Protesters gathered in Boston only a few hours after a GOP tax overhaul, which polls have shown is unpopular, passed through the Senate early Saturday morning.
Protesters on Boylston Street told NBC Boston they feared the bill would have a positive affect on billionaires but be harmful to everyone else.
Cole Harrison was among those protesters. He called the measure, "A huge tax giveaway for billionaires and rich corporations."
Senate Majority Leader Mitch McConnell, R-Kentucky, remained confident in the measure after the late-night vote, which narrowly passed 51-49.
“Big bills are rarely popular," he said in an interview, "You remember how unpopular 'Obamacare' was when it passed?"
Many Democratic lawmakers in Massachusetts and around New England have been vocalizing their disappointment with the Republican tax plan on social media.
Sen. Elizabeth Warren, D-Massachusetts, posted a video to Twitter late Friday night in which she called the measure a "payoff to the big Republican donors."
Warren was critical of the hasty Republican push for a vote Friday night. "This isn't right," said Warren in the video, "this is not how the American government should be making laws."
Sen. Jeane Shaheen, D-New Hampshire, also spoke critically of the haste with which the bill was passed. "We need bipartisan tax reform to simplify our tax code, bolster the middle class, support small business and create jobs," she said in a tweet, "But the partisan bill forced through the senate and passed on a party-line vote failed to address any of these critical needs."
Congressman Joseph Kennedy of Massachusetts spoke out against the tax overhaul Saturday afternoon.
"#GOPTaxScam is what happens when you allow donors & lobbyists to pull the strings. GOP can no longer claim to be party of good governance, fiscal responsibility and lower taxes," he tweeted.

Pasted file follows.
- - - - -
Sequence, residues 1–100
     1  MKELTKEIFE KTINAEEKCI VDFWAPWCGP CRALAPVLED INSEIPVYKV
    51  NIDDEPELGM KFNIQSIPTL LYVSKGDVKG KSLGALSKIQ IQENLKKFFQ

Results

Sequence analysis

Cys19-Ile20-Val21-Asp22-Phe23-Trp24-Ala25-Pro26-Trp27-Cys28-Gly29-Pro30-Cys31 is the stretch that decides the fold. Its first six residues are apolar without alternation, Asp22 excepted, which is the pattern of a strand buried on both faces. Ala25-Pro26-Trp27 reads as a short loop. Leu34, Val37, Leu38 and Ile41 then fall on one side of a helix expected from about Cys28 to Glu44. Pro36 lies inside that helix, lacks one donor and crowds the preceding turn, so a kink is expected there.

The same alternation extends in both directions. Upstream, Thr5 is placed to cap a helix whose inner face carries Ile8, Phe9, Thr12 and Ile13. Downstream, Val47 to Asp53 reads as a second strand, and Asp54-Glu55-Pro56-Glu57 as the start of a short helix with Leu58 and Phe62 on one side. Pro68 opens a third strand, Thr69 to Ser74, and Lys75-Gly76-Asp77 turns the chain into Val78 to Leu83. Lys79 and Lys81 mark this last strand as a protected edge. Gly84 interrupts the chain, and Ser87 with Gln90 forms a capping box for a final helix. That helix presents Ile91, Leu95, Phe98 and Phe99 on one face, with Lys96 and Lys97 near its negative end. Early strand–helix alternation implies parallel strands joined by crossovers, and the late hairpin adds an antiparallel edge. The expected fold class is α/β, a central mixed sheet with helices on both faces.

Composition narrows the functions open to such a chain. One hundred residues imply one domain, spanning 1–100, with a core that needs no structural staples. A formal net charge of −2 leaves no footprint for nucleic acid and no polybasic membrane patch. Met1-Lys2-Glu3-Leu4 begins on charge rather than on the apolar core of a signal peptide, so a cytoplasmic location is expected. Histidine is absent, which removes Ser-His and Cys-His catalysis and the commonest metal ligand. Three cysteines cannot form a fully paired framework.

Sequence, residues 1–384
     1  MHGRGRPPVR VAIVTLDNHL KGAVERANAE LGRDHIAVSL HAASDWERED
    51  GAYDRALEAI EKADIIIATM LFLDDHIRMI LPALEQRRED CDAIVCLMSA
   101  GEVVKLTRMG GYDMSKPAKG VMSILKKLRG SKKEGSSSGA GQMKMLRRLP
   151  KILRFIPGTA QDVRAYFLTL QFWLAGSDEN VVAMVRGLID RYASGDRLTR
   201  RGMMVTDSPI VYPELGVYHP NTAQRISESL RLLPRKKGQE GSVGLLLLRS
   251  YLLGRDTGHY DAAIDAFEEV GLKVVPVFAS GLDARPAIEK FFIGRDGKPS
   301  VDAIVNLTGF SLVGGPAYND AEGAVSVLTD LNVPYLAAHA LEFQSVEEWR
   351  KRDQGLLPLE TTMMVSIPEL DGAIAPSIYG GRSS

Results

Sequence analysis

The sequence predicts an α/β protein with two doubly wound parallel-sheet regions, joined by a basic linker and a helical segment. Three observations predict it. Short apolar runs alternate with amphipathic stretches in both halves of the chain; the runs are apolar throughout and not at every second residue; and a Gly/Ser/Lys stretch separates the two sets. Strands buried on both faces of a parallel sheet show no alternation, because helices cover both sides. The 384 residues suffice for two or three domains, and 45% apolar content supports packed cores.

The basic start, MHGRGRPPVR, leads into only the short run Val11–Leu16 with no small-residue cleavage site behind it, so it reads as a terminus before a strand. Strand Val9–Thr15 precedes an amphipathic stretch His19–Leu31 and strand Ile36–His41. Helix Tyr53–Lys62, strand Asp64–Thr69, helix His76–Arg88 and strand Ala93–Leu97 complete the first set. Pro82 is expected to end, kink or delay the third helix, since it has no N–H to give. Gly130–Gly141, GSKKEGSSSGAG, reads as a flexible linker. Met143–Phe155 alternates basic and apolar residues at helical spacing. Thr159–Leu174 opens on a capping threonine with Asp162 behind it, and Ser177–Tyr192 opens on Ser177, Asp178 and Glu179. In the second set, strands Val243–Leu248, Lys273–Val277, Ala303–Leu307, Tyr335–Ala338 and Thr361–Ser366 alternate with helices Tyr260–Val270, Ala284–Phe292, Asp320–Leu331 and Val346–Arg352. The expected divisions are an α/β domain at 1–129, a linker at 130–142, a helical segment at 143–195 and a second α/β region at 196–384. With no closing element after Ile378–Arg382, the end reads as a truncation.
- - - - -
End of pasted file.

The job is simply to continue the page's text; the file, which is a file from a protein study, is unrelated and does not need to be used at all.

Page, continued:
Maine GOP Sen. Susan Collins vocalized her support of the tax bill. "I do believe that this bill will help to promote economic growth and the creation of jobs," she said in an interview.
Maine Sen. Angus King, an independent, said in a statement, "By rushing this legislation through the Senate with no hearings, no input from experts and no feedback from the American people, we've advanced a terrible bill."
The next step is for Republicans in the Senate and Congress to reconcile their versions of the tax plan.
College students were also vocalizing their disappointment with the Senate's tax plan due to provisions that directly affect student loans.
The Senate version of the bill includes a repeal of tax deductions for student loan interest. The House and Senate versions include provisions requiring graduate students to report tuition waivers as income.
"Everyone said, that's outrageous, they won't do it, and they did," one student told NBCBoston.
Maura Quint, an organizer with the Not One Penny campaign, was on Boylston Street as part of Saturday's protests. She believes that if the Republican tax overhaul becomes a reality, voters would respond.
"If they do pass this through, it will be reflected in the 2018 and the 2020 elections," she said.
President Donald Trump has said that he hopes to sign the bill into law by the end of the year.